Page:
Archive for Thursday, October 24, 2002

Public weighs in on school plans

First of six forums on building proposals draws 20 community members

October 24, 2002


Lawrence High School graduate Joe Patterson has supported public school bond issues in Lawrence for nearly half a century.

But his string may end soon.

During a public forum Wednesday at district headquarters, Patterson said he wasn't comfortable with the school board's apparent willingness to spend at least $50 million on school construction and renovation while shutting down three elementary schools.

The emphasis on bricks-and-mortar is misplaced, he said.

"I have yet to see a building educate a child in Lawrence. It's the teachers in that building," said the 1954 LHS graduate.

The board is expected to complete an outline of the bond issue in November. It wouldn't be put before voters until 2003.

Patterson was joined by about 20 community members at the first of six open meetings designed to gather input on tentative plans to reshape the district's collection of school buildings.

Eight people spoke at the meeting, which didn't last the allotted two hours.

Scott Morgan, board president, said he wasn't disappointed by the turnout. He was there with board colleagues Mary Loveland and Sue Morgan.

"We've got a long way to go on this," Scott Morgan said. "Send e-mails. That is a good way to contact all of us."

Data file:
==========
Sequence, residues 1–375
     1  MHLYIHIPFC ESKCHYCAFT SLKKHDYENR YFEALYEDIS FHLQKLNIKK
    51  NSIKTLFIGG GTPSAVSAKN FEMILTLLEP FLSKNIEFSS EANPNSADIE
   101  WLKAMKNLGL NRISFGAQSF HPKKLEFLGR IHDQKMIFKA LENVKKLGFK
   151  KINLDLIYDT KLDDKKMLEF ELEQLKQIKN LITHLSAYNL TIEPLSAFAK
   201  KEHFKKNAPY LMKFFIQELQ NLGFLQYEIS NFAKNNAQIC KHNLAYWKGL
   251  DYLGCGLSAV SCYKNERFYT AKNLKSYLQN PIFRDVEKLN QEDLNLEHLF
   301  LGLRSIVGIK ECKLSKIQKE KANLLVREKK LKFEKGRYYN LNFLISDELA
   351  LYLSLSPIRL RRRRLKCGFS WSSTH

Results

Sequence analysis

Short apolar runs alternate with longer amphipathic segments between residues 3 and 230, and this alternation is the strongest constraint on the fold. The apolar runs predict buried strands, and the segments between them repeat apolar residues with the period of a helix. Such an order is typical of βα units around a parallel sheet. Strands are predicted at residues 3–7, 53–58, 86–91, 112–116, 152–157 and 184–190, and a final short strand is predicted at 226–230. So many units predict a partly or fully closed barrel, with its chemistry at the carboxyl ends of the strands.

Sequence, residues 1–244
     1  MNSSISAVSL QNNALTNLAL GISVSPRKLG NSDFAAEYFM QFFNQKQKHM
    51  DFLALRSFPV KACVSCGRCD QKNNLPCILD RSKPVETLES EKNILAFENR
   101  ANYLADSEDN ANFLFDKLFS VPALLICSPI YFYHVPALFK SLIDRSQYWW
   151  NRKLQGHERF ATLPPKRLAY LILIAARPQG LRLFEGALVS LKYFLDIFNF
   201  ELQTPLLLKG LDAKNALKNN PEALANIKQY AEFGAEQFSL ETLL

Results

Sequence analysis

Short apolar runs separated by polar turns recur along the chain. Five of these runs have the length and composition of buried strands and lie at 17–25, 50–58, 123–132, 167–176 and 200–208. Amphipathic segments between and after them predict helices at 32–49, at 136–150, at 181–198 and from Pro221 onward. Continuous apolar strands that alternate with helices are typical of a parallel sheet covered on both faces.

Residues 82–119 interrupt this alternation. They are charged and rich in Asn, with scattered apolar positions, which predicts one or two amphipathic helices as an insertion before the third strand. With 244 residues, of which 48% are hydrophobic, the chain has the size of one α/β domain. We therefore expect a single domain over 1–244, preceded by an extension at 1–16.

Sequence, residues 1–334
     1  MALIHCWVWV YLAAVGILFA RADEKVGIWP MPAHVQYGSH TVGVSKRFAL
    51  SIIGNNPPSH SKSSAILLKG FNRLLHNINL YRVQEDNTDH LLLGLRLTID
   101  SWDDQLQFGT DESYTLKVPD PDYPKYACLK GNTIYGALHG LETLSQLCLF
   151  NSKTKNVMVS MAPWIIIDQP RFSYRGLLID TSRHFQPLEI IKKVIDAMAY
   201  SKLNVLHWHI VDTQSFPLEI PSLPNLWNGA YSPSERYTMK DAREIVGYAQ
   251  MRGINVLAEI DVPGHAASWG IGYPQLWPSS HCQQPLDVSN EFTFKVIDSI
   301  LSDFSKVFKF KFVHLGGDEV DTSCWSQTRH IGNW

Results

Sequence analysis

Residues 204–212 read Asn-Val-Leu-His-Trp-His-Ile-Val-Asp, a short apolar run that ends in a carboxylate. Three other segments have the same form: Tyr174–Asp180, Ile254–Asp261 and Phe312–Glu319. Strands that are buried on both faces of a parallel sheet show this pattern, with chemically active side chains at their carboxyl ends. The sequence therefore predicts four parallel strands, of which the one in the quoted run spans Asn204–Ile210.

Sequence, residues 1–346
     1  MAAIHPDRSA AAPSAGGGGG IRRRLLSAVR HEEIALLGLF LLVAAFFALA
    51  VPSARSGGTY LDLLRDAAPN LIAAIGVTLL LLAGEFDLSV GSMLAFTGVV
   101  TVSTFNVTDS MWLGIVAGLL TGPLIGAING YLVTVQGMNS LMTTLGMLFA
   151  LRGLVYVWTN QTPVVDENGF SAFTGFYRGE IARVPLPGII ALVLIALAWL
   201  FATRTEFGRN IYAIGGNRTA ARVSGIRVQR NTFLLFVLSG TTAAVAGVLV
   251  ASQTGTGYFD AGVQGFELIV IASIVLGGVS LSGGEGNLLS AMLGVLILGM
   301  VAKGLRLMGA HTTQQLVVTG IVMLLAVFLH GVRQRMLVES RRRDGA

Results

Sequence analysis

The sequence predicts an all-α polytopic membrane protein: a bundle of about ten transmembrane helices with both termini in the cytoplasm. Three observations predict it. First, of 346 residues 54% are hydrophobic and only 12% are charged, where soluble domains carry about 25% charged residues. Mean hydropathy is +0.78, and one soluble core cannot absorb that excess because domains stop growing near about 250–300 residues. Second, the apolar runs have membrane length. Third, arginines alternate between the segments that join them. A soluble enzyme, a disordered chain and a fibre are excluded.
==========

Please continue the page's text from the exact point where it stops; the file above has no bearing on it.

The next session is 6 p.m. to 8 p.m. Tuesday at Central Junior High School, 1400 Mass.

Missy Allen, a parent of children at Riverside School, said there were alternatives to the plan endorsed by the board to close Riverside, East Heights and Centennial schools.

"Closing any school, I believe, is a permanent solution to a temporary problem," she said.

She asked the board to offer evidence of community support for consolidation of the district's 18 elementary schools.

In an interview, Scott Morgan said there were people in the community that had spoken privately in support of closures.

"I get told, 'I want schools closed,'" he said.

Vicki Scott, speaking against closure of East Heights, said she was puzzled by board discussion about turning the school into an early-childhood education center. East Heights will have to be renovated to accommodate preschool children, she said.

"If you're going to close us to make us something else, I feel that is unfair to the kids that are there," she said.

Wendy Mielke, who has two children in district schools, said she was disturbed by talk of constructing a $9.9 million building for alternative education programs for students in junior high and high school. She also didn't approve of spending $722,000 for renovation at Free State High School.

"It is time to upgrade the elementary schools and let the other schools wait," she said.

Allen of Lawrence said the school board and city commission ought to work in harmony to strengthen established neighborhoods. Closing schools in the city's core and allowing development on the city's perimeter hurts that cause, he said.

"If you close any schools, you weaken the neighborhoods. If you weaken neighborhoods, you weaken the city. If you weaken the city, what have you achieved?" he said.

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